Absorb Salem in the morning
steeping in fresh dawn.
It is lush here where spiders thrive.
Brittle are they who make homes of dreams
we don't remember weaving through the night.
Some weeds, thorny and stretched,
deserve their space.
Bitter vibrant blossoms are their compromise
for pushing out a landscaped place.
A moment is preserved in this valley
where those delicate float on sugared air
as Salem mornings serve breakfast
for the soul,
where the green of the land is foremost caressed
and we are second blessed.
The life of this town is encapsulated now
so a bigcity person must plot carefully
to save the energy morning brings.
Nightpulse is offered at a slight pace
and beehive people who cannot dance through
sunrise feel smothered.
But the secrets found while walking alone
and shaking fronds with a fern half-human size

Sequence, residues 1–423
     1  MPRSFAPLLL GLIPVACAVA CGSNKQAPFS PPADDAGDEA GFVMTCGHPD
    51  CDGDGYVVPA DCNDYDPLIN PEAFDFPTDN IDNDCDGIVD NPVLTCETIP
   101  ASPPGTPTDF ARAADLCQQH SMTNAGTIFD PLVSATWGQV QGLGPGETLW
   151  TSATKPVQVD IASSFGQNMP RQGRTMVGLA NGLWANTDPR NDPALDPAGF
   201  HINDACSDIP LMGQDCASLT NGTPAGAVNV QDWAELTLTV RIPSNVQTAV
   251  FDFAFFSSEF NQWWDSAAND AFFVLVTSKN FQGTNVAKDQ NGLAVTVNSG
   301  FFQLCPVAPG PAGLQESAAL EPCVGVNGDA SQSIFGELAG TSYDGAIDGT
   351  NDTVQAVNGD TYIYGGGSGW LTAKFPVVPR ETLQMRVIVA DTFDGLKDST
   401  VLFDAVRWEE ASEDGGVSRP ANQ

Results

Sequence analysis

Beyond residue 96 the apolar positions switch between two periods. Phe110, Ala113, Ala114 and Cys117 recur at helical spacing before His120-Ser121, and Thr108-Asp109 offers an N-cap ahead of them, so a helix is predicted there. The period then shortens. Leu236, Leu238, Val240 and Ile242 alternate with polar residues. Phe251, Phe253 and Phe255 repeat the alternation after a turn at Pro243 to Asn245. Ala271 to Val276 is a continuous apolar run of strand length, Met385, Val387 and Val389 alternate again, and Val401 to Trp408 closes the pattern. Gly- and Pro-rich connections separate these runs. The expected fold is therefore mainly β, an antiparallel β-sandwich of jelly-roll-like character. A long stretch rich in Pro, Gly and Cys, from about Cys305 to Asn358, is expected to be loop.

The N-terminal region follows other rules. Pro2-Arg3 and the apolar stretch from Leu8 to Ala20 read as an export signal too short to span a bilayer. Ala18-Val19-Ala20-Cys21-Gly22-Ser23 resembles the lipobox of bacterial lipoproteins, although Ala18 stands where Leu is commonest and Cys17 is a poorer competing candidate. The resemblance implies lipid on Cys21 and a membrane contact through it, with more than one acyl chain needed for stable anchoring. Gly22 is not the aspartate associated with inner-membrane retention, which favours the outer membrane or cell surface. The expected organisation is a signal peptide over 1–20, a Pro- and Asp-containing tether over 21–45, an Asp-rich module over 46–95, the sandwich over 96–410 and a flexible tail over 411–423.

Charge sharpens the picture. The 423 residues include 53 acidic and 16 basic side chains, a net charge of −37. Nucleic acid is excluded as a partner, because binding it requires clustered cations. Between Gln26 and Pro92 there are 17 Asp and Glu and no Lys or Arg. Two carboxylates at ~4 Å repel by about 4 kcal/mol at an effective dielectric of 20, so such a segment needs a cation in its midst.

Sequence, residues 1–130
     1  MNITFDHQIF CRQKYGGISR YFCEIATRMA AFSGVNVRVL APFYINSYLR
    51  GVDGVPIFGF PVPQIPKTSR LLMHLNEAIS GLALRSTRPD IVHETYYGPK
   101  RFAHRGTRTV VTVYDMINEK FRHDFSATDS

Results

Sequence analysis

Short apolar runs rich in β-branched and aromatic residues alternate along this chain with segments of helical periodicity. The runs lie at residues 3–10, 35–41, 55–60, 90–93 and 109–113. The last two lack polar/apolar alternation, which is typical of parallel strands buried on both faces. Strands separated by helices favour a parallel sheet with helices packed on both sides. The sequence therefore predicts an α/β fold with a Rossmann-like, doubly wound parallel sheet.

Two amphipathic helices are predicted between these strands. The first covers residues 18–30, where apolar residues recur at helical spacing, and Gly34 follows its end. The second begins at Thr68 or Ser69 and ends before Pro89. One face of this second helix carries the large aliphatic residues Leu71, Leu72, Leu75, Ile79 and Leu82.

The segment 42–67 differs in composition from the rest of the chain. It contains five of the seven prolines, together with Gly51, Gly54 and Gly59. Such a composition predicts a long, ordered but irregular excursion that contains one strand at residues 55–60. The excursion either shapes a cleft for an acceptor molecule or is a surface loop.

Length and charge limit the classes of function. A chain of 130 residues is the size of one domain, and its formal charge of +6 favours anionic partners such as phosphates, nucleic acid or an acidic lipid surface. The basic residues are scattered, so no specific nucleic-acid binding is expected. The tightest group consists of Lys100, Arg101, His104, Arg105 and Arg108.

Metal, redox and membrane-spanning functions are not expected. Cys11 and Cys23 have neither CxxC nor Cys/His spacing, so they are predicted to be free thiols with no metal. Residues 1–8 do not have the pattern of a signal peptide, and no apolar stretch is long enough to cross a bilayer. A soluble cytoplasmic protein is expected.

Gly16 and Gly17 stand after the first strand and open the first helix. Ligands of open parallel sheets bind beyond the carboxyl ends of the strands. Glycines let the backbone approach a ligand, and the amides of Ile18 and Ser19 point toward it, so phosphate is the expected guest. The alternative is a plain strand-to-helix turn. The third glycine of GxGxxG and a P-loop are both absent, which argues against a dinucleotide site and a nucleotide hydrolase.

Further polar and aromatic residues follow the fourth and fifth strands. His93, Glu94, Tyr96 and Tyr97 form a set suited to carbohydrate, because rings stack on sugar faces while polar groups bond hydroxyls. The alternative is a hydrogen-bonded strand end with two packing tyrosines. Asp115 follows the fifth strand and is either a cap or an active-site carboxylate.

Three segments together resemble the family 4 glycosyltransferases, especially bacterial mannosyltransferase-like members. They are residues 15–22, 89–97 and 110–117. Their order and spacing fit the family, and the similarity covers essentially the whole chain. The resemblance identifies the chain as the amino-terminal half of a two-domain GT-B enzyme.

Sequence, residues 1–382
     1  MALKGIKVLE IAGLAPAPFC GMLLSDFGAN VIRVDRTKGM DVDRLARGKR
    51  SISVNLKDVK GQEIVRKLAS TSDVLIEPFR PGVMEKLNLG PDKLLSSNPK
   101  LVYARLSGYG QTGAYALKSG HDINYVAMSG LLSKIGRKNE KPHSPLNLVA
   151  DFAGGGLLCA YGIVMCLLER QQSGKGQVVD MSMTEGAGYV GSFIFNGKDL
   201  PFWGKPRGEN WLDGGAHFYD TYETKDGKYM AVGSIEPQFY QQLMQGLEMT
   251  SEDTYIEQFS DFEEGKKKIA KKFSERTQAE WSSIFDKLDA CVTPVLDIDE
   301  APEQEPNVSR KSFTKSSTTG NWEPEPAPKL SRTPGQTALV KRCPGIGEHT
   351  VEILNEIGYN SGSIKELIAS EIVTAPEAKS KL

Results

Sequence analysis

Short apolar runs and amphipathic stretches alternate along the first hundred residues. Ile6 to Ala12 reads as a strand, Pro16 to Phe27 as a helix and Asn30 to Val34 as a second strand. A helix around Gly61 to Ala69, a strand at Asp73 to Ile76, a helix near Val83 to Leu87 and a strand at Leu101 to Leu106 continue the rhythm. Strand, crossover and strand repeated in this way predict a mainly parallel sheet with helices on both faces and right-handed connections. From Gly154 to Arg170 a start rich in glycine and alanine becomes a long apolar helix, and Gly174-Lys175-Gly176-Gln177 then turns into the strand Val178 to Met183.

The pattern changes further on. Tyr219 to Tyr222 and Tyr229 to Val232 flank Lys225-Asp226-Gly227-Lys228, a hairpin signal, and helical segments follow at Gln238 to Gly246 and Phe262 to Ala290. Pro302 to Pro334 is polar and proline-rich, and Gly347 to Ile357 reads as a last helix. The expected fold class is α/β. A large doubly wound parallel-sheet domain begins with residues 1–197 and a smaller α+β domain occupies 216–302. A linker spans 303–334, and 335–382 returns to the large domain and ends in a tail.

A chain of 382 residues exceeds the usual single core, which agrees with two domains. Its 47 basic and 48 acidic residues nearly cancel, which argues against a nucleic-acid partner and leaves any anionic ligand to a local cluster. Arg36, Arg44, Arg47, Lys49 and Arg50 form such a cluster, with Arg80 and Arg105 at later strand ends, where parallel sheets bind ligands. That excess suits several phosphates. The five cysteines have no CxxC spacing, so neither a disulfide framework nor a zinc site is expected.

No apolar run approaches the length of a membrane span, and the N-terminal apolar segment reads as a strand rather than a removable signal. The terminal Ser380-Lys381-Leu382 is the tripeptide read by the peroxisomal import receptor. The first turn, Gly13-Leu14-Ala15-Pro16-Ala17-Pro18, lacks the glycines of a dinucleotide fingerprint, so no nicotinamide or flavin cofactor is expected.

bring a crazy peaceful prayer to mind.
A waif could be caught here in morning
leaving at eve
Written for MeetingTheBar: Critique and Craft ~ Oh, the Places we Live! — at dVerse Poets. Pamela Sayers is our host this week. From her beautiful home in Mexico she asks us to write about the places where we live. My poem is an old one, written in 1977 after I first moved from Nevada to Salem, Oregon (the state capitol).
The original title of this poem was "For a Stop-Over Place," because I did not intend to stay long. Ultimately, however, I lived there for eight years before moving on to Portland and then eventually to my beloved Silverton, Oregon, 15-miles away from Salem. (I do not think I could do justice to Silverton in a poem, at least not today.)
Images of Salem and countryside via: Bing
Image of youth in downtown Salem via: Wikipedia